familyfun Wed 15-Jun-11 21:31:06

did haven with dd1 at 12 weeks, was great as caravan was big enough for all our stuff grin
did butlins half board with dd1 (3) and dd2 (4 months) was great as had big apartment and all food done so no work, lots for dd1 to do (swimming/parks etc) and lots of nice walks and fresh air for dd2 smile

Broadwalkempire Wed 15-Jun-11 21:33:49

Your message seemed to be saying UK rather than abroad,

Answer really depends on your budget.

You can either do self catering where you do the same that you do away as you do at home but it sounds like you need a parcs good idea and you could perhaps mix and match cooking with eating out ? Bluestone national park in Wales is a similar type of set up - haven't been but friends have and thye say its good.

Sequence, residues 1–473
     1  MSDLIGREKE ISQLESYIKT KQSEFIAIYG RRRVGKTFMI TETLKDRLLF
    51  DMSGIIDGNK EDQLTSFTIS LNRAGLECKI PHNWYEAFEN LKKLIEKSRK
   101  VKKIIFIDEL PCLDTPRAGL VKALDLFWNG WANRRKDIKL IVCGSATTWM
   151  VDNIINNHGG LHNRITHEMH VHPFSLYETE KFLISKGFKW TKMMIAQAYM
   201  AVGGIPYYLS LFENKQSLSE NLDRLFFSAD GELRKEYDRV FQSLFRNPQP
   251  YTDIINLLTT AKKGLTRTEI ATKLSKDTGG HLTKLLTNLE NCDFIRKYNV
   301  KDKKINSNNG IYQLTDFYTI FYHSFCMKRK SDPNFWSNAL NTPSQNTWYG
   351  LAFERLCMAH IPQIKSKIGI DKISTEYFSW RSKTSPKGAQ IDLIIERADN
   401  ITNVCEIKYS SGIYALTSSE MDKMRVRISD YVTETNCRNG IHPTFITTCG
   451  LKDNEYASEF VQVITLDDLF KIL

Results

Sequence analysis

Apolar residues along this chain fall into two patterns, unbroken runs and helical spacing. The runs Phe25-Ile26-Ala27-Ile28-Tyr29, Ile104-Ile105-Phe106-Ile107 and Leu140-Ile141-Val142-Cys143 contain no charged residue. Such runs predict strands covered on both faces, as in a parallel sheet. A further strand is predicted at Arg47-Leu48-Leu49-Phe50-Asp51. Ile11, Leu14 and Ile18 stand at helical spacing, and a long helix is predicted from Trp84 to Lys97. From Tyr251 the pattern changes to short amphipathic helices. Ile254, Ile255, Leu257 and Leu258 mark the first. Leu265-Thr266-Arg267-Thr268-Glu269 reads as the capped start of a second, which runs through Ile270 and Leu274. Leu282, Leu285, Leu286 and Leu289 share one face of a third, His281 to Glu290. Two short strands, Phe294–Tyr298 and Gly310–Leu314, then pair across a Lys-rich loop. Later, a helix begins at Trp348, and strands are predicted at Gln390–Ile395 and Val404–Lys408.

If you're thinking abroad you can look for hotels with childcare - the Mark Warner/ Neilson type holidays where you are catered for / childcare and activities. Out of season you might find the rates cheap and if you can bear the flight you will get the benefits from a bit of a holiday for everyone.

loulou4 Thu 16-Jun-11 09:39:30